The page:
“What would you like for breakfast?” I asked my daughter recently.
“BACON!” she said.
“How about Weetabix instead? And maybe Daddy will share some of his bacon,” I said.
“Mummy doesn’t eat bacon,” she said.
“No,” I said. “Mummy doesn’t.”
Around 20 years ago, I became vegetarian-ish. I still ate chicken if there were no veggie options, but I gave up all other meats. Maybe ‘gave up’ is the wrong way to put it – I never really liked eating meat that much, so it was hardly a sacrifice. I simply stopped doing a thing I didn’t enjoy doing anyway.
I wish I could say that I carefully considered the health, environmental and animal rights implications of vegetarianism before concluding that it was right for me, but I really just found the texture of meat to be a bit icky. Later I read about all that other stuff and thought, “Hey, this vegetarian thing could actually be really good for me and the planet,” but it was secondary the ick factor.
A few years later, I lost my taste for chicken too. Besides a brief flirtation with pescetarianism a few years ago – which taught me that I’m not really into fish either – I’ve been vegetarian ever since. It’s such a basic part of me now that I don’t even question it. I’m a woman. I’m a wife. I’m a mother. I’m a vegetarian.
But my husband isn’t. And neither is my kid.
Why I let my child eat meat
1. She’s tiny.
Like, 2nd percentile tiny. And picky. I don’t want to deny her anything that will help her grow, especially protein. Yes, I know there lots of are non-animal sources of protein, but while I’m quite happy to eat a quinoa burger or a pile of hemp seeds, she’s not. Because she’s two. I’m lucky if I can convince her to eat anything that’s not fruit or cheese.
2. It’s easier.
I don’t have to worry about her not being able to eat at nursery, restaurants or other people’s houses. She doesn’t have any food allergies, so she can shove any old thing in her gob.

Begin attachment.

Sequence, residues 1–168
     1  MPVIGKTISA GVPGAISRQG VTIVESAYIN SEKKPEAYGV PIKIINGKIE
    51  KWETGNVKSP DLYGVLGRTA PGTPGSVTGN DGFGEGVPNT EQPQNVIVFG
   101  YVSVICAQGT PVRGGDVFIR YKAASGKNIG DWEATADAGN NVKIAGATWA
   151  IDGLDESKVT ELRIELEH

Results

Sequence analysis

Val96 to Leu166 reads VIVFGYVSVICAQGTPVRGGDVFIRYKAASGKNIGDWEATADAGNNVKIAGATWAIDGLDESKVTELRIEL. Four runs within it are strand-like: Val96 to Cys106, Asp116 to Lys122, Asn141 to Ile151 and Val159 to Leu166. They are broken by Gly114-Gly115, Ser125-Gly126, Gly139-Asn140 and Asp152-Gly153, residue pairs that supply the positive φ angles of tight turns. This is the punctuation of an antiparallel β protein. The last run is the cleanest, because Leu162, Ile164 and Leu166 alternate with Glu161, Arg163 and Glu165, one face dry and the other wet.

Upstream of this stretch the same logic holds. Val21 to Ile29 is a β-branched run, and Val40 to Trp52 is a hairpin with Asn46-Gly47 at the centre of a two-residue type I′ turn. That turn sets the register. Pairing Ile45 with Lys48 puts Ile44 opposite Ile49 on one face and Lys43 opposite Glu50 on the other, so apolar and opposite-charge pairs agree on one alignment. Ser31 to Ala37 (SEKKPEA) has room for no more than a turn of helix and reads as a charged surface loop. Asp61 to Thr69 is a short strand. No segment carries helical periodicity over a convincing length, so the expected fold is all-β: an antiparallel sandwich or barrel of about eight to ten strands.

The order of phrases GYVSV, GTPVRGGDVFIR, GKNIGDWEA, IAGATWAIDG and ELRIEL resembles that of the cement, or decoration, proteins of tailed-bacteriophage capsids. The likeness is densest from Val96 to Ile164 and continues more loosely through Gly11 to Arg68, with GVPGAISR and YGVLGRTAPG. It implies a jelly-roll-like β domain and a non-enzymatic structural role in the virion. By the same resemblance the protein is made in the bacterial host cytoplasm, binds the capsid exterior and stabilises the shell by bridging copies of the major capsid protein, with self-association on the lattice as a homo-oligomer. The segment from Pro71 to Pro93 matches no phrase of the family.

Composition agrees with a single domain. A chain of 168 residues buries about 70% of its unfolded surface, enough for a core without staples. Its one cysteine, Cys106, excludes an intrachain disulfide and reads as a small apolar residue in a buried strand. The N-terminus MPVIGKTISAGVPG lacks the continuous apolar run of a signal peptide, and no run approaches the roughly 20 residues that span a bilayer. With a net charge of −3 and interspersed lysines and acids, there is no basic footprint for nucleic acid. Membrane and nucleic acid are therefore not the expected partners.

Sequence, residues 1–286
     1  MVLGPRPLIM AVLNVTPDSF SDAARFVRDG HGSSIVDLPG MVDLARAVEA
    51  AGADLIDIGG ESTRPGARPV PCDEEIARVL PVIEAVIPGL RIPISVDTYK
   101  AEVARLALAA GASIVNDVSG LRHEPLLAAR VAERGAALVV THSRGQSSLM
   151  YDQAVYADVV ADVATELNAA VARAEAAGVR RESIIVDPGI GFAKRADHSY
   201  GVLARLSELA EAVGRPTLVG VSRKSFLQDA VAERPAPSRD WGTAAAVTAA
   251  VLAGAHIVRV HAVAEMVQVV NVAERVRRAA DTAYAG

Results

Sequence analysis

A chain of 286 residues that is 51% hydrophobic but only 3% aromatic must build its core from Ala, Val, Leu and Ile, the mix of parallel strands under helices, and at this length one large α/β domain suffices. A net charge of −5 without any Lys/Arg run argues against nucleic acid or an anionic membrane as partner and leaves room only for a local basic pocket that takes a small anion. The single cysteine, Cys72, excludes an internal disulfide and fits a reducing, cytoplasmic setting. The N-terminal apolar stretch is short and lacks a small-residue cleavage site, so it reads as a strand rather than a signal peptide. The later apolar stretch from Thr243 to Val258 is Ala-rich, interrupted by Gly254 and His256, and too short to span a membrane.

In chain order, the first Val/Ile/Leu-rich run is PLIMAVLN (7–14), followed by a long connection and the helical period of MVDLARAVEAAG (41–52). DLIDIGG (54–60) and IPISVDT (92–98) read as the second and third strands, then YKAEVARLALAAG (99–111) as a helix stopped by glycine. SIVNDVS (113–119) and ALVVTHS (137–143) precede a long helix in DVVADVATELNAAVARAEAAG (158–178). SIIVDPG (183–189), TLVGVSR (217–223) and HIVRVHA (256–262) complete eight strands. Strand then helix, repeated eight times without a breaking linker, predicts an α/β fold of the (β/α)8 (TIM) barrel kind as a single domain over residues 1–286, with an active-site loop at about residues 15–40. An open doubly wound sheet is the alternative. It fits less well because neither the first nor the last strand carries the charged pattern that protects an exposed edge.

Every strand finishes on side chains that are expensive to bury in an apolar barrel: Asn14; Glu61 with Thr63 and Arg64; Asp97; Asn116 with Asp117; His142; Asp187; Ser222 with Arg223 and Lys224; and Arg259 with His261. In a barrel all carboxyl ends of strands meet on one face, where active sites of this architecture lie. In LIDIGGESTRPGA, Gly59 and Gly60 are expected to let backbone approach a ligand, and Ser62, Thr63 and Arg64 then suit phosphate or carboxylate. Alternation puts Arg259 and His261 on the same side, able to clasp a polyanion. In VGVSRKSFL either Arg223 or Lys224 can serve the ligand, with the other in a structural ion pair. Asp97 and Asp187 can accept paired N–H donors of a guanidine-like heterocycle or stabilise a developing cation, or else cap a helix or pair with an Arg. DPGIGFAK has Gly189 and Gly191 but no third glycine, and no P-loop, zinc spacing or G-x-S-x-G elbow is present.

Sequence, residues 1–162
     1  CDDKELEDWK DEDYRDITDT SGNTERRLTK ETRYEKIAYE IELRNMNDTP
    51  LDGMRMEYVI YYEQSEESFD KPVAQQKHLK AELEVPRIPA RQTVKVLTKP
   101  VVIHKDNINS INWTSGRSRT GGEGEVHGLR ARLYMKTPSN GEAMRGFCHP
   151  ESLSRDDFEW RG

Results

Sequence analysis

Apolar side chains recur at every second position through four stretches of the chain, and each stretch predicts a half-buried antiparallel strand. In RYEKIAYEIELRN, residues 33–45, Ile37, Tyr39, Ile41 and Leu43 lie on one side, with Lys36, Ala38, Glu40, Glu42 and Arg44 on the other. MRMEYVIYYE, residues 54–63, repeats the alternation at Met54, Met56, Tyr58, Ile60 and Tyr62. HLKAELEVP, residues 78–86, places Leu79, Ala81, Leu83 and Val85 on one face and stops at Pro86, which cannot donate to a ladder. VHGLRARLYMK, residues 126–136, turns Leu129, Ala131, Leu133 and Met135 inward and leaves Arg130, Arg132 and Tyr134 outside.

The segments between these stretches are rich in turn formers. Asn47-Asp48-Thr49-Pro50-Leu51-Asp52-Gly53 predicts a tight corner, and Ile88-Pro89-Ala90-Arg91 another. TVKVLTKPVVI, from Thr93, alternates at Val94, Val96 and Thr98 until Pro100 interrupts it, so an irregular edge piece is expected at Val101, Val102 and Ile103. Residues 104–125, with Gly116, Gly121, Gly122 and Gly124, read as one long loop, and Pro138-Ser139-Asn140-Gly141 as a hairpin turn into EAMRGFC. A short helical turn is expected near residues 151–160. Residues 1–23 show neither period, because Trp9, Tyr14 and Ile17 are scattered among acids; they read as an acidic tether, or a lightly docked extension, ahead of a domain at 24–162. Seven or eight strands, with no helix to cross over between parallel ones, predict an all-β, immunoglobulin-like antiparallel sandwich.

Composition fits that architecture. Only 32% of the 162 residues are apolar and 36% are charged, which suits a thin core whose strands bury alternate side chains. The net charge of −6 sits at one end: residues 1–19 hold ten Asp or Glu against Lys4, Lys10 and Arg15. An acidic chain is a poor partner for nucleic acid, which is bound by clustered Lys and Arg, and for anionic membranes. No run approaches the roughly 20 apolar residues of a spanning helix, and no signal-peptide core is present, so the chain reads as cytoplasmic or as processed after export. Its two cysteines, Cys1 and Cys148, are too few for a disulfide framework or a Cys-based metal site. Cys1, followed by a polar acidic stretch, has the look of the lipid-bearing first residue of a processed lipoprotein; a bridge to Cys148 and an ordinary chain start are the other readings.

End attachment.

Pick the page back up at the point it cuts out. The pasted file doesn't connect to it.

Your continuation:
3. I want to let her decide if she wants to eat meat for herself.
A controversial idea in the veggie community, maybe, but I want to expose her to as many foods as possible as she grows up – and that includes meat. She rejects most everything I put in front of her in favour of Babybel cheese and bananas, but that doesn’t stop me from trying.
When she’s old enough to ask, I’ll explain to her where meat comes from. If my answer bothers her, she doesn’t have to eat it anymore. Her diet is already 80% vegetarian anyway, so it would hardly be a big change.
The only meat she’s shown any real enthusiasm for is bacon, which I totally get, because bacon smells delicious. She’d rather have a lentil pie than a steak pie. The last time she tried a beef burger, she scraped it off her tongue. She won’t even touch fish fingers, the most inoffensive, child-friendly food ever.
I won’t be surprised if she goes veggie too, but if she doesn’t, that’s okay. She and her father can tuck into their Spaghetti Bolognese while I eat my Quorn version. We’ll all be covered in sauce by the end regardless, because we’re messy like that.